Esquire is nothing new

You know how the higher-end men’s magazines — Esquire, GQ, that sort of thing — have feature articles where they reveal the inner secrets of the mob or what it’s like to be a black market gun dealer or the like? This is, I have discovered, not a new thing.

In 1731, which is two hundred and eighty-three years ago as I write this, Edward Cave (who was expelled from Rugby School, and invented his own type of cannon to go on the outside gate of his house) set up The Gentlemen’s Magazine. It was the first thing to actually call itself a magazine, and in the very first issue there is an excellent aside (quoted in John Scarne’s Scarne’s Complete Guide to Gambling) describing the employees of a London casino (or “most notorious gaming-house”, as the Magazine had it; all such casinos were illegal at the time). A paper set of the Magazine is as rare as rocking-horse poo these days (even the British Museum’s set is made up of various separate volumes, some reprinted 25 years or more after initial publication), but thanks to the wonders of the internet images are available: the Bodleian Library in Oxford has a set of scans of the first 25 years or so. Below, because it’s excellent, I have transcribed the short section on said notorious gaming-house.

Next time you read something similar on or wherever, know that chaps have been interested in this sort of thing for a terribly long time. And that casino jobs really haven’t ever changed that much, including having shills around to fleece you of your hard-earned money. And, don’t complain, since there is a fellow to fight you for being peevish. I suspect he’s not called a Captain at the MGM Grand, though.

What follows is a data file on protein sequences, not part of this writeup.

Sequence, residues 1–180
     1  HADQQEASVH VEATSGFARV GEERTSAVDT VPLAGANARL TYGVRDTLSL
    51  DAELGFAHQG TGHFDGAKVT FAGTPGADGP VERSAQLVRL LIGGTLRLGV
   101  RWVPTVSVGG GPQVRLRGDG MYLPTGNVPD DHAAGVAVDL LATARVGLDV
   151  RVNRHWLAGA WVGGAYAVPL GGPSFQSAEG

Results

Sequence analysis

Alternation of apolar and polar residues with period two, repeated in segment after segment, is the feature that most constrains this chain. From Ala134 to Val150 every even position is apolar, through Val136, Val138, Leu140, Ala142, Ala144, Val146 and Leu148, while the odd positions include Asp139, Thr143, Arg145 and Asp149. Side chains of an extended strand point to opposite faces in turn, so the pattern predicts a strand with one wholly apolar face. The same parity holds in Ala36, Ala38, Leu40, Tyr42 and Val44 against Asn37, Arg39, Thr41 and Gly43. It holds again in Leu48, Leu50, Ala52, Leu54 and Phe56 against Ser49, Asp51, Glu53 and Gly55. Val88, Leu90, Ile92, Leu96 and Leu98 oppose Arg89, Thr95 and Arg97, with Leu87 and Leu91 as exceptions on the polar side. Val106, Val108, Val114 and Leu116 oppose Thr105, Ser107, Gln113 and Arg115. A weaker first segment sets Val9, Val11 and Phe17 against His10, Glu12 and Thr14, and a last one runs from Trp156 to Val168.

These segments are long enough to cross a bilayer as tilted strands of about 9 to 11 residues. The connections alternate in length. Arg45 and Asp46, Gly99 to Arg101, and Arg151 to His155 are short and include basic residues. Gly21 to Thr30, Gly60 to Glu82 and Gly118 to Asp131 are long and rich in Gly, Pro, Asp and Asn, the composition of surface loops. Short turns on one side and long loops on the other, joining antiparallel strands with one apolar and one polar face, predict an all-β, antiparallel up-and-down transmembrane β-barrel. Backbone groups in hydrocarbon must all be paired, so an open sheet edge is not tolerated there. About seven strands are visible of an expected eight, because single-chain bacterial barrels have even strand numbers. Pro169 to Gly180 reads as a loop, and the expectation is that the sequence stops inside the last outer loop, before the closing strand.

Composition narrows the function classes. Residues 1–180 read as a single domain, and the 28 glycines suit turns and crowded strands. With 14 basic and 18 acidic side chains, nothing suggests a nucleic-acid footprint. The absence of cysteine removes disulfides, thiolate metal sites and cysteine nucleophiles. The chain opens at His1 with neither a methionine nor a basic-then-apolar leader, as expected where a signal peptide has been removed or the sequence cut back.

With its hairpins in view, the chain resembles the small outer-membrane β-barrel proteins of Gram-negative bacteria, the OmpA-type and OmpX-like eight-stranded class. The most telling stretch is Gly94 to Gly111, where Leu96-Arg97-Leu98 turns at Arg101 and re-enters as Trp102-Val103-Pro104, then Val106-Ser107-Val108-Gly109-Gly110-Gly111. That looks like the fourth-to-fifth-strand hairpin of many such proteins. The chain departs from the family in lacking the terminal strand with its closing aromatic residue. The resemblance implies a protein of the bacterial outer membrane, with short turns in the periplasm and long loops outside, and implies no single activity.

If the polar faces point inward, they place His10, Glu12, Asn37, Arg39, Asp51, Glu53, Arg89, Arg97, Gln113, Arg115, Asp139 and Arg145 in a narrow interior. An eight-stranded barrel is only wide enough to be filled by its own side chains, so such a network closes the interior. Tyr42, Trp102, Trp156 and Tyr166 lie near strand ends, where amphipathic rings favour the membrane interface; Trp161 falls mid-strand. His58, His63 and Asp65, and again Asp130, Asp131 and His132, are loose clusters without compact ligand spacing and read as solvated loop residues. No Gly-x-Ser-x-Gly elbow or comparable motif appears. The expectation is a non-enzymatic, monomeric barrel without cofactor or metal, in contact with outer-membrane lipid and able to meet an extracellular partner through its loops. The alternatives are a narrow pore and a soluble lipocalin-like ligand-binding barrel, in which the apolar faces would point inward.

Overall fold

It may be ſome ſort of amuſement to preſent our readers with the following liſt of officers eſtablishſed in the moſt notorious gaming-houſes.

  1. A Commiſſioner, always a proprietor, who looks in of a night, and the week’s accompt is audited by him and two others of the proprietors.
  2. A Director, who ſuperintends the Room.
  3. An Operator, who deals the cards at a cheating game called Faro.
  4. Two Crowpees, who watch the cards, and gather the money for the Bank.
  5. Two Puffs, who have money given them to decoy others to play.
  6. A Clerk, who is a check upon the puffs, to ſee that they ſink none of the money that is given them to play with.
  7. A Squib, is a puff of a lower rank, who ſerves at half ſalary, while he is learning to deal.
  8. A Flaſher, to ſwear how often the bank has been ſtript.
  9. A Dummer, who goes about to recover money loſt at play.
  10. A Waiter, to fill out wine, ſnuff candles, and attend in the gaming-room.
  11. An Attorney, a Newgate ſolicitor.
  12. A Captain, who is to fight any gentleman that is peeviſh for loſing his money.
  13. An Uſher, who lights gentlemen up and down ſtairs, and gives the word to the Porter.
  14. An Orderly man, who walks up and down the outſide of the door, to give notice to the porter, and alarm the houſe, at the approach of the conſtables.
  15. A Runner, who is to get intelligence of the justices meeting.
  16. Link-boys, Coachmen, Chairmen, Drawers, or others, who bring the firſt intellggence of the justices meetings, or of the conſtables being out, at half a guinea reward.
  17. Common bail, Affidavit-men, Ruffians, Bravoes, Aſſaſſins, cum multis aliis.
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